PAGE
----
NEW BRITAIN – “Sad” and “heartwarming” were the words 11-year-old Kristina Taylor used to describe feeding the homeless at the Friendship Service Center this Wednesday.
Taylor and seven of her classmates from John Wallace Middle School in Newington spent four hours working inside the soup kitchen at the shelter, which serves lunch to people off the streets.
The fifth-grader’s mixed feelings on the experience could be attributed to her face-to-face interaction with people dealing with unfathomable challenges, while simultaneously nourishing them in their time of need.
“I’m really caring so I like to give back what people give to me,” Taylor said as she learned how to open a can of green beans from JWMS science teacher Jessica Morin.
Morin serves as advisor to the school’s Make a Wish Club. She organized Wednesday’s outing when club members expressed their desire to volunteer at the Friendship Center. This request came last fall, after the group had sent a young girl with a gastrointestinal illness and her family to Disney World.
“We finished our wish in October and they really wanted to do something else for the community,” Morin explained.
Their first visit to the Arch Street facility came back in December, when they delivered 16 bags of toys and food to residents served by its supportive housing program. This initial introduction into the lives of people less fortunate primed them for this week’s lengthier and more demanding visit.
“This will hopefully give them a little more empathy towards others,” Morin said. “I want them to understand that anybody can help out, no matter your situation in life. There’s always someone out there who needs it.”
Kitchen Director Gerry Waldo guided students around his workspace Wednesday. They were joined by church volunteers who work the kitchen once a month, serving their homemade meat sauce with pasta.
“It took a lot of planning to get them here,” Waldo said of the youth.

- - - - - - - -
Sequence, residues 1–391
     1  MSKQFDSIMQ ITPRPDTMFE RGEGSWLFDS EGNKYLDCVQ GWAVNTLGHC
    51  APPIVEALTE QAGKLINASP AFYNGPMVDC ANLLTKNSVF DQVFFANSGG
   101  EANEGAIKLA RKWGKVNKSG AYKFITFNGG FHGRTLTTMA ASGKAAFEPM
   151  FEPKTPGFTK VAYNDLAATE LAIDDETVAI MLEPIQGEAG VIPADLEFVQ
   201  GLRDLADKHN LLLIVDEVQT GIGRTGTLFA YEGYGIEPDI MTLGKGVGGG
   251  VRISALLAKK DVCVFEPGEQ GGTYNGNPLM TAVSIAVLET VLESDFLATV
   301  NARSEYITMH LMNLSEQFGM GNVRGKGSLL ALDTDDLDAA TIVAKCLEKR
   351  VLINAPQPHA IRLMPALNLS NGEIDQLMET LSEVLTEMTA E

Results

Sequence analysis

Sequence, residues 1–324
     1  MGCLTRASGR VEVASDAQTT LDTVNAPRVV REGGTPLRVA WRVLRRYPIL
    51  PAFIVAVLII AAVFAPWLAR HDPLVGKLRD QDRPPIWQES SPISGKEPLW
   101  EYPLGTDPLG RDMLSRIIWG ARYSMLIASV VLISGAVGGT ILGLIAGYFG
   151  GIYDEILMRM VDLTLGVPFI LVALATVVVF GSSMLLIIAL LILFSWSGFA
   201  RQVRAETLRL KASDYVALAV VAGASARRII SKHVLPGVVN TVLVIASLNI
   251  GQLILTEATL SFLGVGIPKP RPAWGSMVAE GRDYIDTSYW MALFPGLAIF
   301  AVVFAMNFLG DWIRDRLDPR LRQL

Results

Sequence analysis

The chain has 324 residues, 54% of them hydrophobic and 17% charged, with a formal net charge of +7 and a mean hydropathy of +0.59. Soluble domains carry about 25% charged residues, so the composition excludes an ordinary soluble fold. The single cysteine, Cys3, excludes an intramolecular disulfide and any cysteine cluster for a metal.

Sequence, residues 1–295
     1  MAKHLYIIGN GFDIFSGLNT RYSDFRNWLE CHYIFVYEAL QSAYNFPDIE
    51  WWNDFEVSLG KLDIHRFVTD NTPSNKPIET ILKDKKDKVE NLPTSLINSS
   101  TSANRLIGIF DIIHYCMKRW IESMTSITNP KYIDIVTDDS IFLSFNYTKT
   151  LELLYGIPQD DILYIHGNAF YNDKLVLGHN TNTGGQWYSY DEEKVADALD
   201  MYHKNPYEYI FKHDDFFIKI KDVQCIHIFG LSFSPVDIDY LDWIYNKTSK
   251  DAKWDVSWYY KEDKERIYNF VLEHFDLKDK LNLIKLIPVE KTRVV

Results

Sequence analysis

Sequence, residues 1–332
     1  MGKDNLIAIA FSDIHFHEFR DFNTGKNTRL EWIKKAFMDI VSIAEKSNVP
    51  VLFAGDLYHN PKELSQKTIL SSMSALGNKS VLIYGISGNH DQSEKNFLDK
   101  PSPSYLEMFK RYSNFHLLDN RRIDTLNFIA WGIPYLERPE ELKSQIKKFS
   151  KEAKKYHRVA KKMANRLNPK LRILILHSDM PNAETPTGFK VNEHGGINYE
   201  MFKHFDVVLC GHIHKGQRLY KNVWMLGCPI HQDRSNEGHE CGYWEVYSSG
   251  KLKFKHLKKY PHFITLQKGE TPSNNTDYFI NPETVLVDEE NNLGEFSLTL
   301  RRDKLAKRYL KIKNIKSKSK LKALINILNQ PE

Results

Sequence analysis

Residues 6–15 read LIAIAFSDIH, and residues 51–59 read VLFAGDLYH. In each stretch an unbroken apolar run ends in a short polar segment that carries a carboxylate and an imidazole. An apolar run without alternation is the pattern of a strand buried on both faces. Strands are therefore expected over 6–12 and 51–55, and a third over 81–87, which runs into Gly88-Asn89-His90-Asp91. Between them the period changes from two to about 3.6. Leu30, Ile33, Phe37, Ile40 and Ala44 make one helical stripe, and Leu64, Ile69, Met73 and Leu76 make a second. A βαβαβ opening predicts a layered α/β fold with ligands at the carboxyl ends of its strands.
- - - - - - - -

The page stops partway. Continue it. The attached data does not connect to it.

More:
If there was one lesson he hoped the experience taught it was compassion.
“No matter how unfortunate you think you are, there’s always someone out there who has it worse,” Waldo said. “I want them to see their glasses as half full, not half empty. They’re doing a wonderful job here.”
Students began their morning carrying shipments from a Foodshare truck into the facility. Then the hairnets went on and boxes of noodles were emptied into large bins and cans of vegetables, opened. People started lining up for lunch late morning and the kids took turns serving. Dish duty followed.
As they worked a man walked off the street and into the kitchen, asking Waldo for help. As they stacked lunch trays in the main dining room another man slept sprawled out in a chair, catching a nap before lunch. Meanwhile, a toddler played with a toy on the floor.
“We can see what they go through compared to what we go through,” noted sixth-grader Sreya Joseph.
“Seeing the people makes me sad,” added Leah Pouliot, another sixth-grader. “It feels good to help them because they really need it.”
The students turned in class assignments early and planned to make up the morning lessons they missed in order to take part in Wednesday’s trip.
Mya Smith, one of the group’s youngest members, needed assistance fastening on her hair net before food service began. Classmates’ hands came in from all directions, eager to provide resolve. Passing out rolls to people in the lunch line an hour later, Smith shared a laugh with Ronald Lugo, a formerly homeless resident sprinkling cheese on his pasta.
In that moment, they were both just people sharing a laugh.
Erica Schmitt can be reached at 860-801-5097, or email@example.com.